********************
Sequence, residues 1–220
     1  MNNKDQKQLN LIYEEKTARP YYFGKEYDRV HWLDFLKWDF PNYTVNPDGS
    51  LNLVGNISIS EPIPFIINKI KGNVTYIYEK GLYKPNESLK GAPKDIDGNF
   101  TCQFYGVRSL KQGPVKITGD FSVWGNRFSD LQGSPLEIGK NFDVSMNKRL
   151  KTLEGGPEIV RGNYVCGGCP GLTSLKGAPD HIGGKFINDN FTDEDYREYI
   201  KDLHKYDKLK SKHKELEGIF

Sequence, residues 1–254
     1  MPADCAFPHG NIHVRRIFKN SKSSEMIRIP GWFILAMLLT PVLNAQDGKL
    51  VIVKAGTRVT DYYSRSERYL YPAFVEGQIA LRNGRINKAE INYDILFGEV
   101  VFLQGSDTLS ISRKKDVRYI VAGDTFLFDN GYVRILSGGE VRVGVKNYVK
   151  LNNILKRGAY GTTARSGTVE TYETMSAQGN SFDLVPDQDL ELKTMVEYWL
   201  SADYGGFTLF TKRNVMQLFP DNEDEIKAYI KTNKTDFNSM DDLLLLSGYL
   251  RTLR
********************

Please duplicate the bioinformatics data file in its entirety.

Sequence, residues 1–220
     1  MNNKDQKQLN LIYEEKTARP YYFGKEYDRV HWLDFLKWDF PNYTVNPDGS
    51  LNLVGNISIS EPIPFIINKI KGNVTYIYEK GLYKPNESLK GAPKDIDGNF
   101  TCQFYGVRSL KQGPVKITGD FSVWGNRFSD LQGSPLEIGK NFDVSMNKRL
   151  KTLEGGPEIV RGNYVCGGCP GLTSLKGAPD HIGGKFINDN FTDEDYREYI
   201  KDLHKYDKLK SKHKELEGIF

Sequence, residues 1–254
     1  MPADCAFPHG NIHVRRIFKN SKSSEMIRIP GWFILAMLLT PVLNAQDGKL
    51  VIVKAGTRVT DYYSRSERYL YPAFVEGQIA LRNGRINKAE INYDILFGEV
   101  VFLQGSDTLS ISRKKDVRYI VAGDTFLFDN GYVRILSGGE VRVGVKNYVK
   151  LNNILKRGAY GTTARSGTVE TYETMSAQGN SFDLVPDQDL ELKTMVEYWL
   201  SADYGGFTLF TKRNVMQLFP DNEDEIKAYI KTNKTDFNSM DDLLLLSGYL
   251  RTLR